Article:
"If the election had been on October 27, I would be your president," she told CNN's Christiane Amanpour at a Women for Women International event in New York.
"I take absolute personal responsibility. I was the candidate, I was the person who was on the ballot. I am very aware of the challenges, the problems, the shortfalls that we had," Clinton said, before adding that she was "on the way to winning until a combination of Jim Comey's letter on October 28 and Russian WikiLeaks raised doubts in the minds of people who were inclined to vote for me and got scared off."
Clinton, who is currently writing a book that partly reflects on her 2016 loss, added, "The reason I believe we lost were the intervening events in the last 10 days."
The event marks the latest where Clinton, in a stinging rebuke to Trump, both blames herself for the 2016 loss but also casts the current President as someone aided by outside factors, including the Russian government.
After Clinton noted the 3 million more votes she won than Trump, Amanpour joked that the President would soon tweet about the comment.
"Fine. Better than the interfering in foreign affairs," Clinton said. "If he wants to tweet about me than I am happy to be the diversion because we have lot of things to worry about. He should worry less about the election and my winning the popular vote than doing some other things that would be important for the country."
Clinton, aides and friends say, has grown more at peace with her loss in recent months, but is still focused on the interference by the Russian government, especially the fact that WikiLeaks began releasing John Podesta's hacked emails hours after the damaging "Access Hollywood" Trump tape was released.
Clinton, as she has done in the past, also hung part of her 2016 loss on misogyny.
"Yes, I do think it played a role. I think other things did as well," Clinton said.
But repeatedly, Clinton came back to Russian President Vladimir Putin's role in the 2016 election and how he was able to tilt the scale in favor of Trump and against her.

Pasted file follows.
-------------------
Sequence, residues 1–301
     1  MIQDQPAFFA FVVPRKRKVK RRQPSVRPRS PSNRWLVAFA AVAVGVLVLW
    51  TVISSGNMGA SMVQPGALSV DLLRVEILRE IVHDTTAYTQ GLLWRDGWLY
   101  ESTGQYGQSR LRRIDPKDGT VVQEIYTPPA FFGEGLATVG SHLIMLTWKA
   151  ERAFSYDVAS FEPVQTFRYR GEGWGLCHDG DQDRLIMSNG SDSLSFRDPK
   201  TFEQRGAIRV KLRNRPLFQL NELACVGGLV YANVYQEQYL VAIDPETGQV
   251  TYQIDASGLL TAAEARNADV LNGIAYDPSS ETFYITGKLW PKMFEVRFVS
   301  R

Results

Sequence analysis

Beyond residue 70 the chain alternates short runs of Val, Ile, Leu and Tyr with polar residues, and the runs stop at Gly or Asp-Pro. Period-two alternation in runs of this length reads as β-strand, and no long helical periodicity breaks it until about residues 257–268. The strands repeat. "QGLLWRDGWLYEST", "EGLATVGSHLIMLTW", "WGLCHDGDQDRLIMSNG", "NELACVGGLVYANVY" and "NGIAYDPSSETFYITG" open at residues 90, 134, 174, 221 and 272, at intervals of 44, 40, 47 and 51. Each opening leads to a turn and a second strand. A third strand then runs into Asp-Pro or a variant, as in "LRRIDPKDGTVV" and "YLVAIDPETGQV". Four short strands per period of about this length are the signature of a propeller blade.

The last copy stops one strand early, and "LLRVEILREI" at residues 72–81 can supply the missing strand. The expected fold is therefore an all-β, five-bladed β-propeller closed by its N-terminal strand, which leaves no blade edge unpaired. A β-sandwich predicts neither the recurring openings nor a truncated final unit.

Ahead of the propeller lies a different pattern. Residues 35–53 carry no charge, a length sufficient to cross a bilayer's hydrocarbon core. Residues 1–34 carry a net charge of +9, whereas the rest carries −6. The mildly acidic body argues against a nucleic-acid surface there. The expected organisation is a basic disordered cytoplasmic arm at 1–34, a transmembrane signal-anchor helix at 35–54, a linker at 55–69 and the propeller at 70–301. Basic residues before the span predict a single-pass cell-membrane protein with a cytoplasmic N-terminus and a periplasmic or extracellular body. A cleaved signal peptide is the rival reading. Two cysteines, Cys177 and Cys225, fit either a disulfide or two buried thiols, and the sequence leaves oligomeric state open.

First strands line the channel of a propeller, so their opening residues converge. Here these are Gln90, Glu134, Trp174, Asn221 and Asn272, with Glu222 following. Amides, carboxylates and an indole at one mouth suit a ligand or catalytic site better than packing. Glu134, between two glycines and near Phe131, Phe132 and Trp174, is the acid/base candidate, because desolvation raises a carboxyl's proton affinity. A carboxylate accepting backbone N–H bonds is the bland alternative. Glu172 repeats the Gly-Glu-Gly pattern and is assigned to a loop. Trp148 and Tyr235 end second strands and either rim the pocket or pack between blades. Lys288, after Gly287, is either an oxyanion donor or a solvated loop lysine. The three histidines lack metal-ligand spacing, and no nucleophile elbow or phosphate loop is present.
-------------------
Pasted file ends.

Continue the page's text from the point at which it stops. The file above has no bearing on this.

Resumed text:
Clinton, aides say, sees her role during the Trump years as a political activist who speaks out when issue she cares about are threatened. And on Tuesday, it was clear Clinton was ready to settle into that role.
"I am now back to being an activist citizen and part of the resistance," Clinton said, drawing cheers from the crowd that included former aides, donors and celebrities like actress Meryl Streep.
The former secretary of state also pledged to "publicly request" that the Trump administration "not end our efforts making women's rights and opportunities" central to US policy.
Clinton praised Defense Secretary James Mattis for making the case for maintaining US foreign aid funding, despite a budget request by Trump that would cut it.
"I am hoping that because of voices like Jim Mattis and others that that will begin to influence the administration," she said.
And on North Korea, Clinton cautioned Trump against giving too much away by saying he would meet with North Korean leader Kim Jung Un under the right circumstances.
"I don't believe that we alone are able to really put the pressure on this North Korean regime that needs to be placed," she said. "Now the North Koreans are always interested ... in trying to get Americans to try to come to negotiate to elevate their status and their position and we should be very careful about giving that way."
Clinton said such negotiations could make it harder to work out a solution with countries in the region.
The 2016 Democratic presidential nominee will also speak at a Planned Parenthood 100-year anniversary gala later Tuesday, where she is expected to slam Trump's handling of women health issues during his first months in office, including attempts to defund the women's health organization.
Planned Parenthood has been vocal in their opposition to Trump, slamming many of his appointees and the Republican plan to defund the organization.